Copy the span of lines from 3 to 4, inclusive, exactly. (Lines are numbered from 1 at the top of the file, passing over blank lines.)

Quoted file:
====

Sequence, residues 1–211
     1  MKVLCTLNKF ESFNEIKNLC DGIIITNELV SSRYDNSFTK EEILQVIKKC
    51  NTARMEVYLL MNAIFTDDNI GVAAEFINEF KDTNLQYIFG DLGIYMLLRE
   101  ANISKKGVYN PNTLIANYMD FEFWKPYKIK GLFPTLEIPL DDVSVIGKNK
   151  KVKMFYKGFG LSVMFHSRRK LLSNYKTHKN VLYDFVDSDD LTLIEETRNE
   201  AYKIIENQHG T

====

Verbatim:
    51  NTARMEVYLL MNAIFTDDNI GVAAEFINEF KDTNLQYIFG DLGIYMLLRE
   101  ANISKKGVYN PNTLIANYMD FEFWKPYKIK GLFPTLEIPL DDVSVIGKNK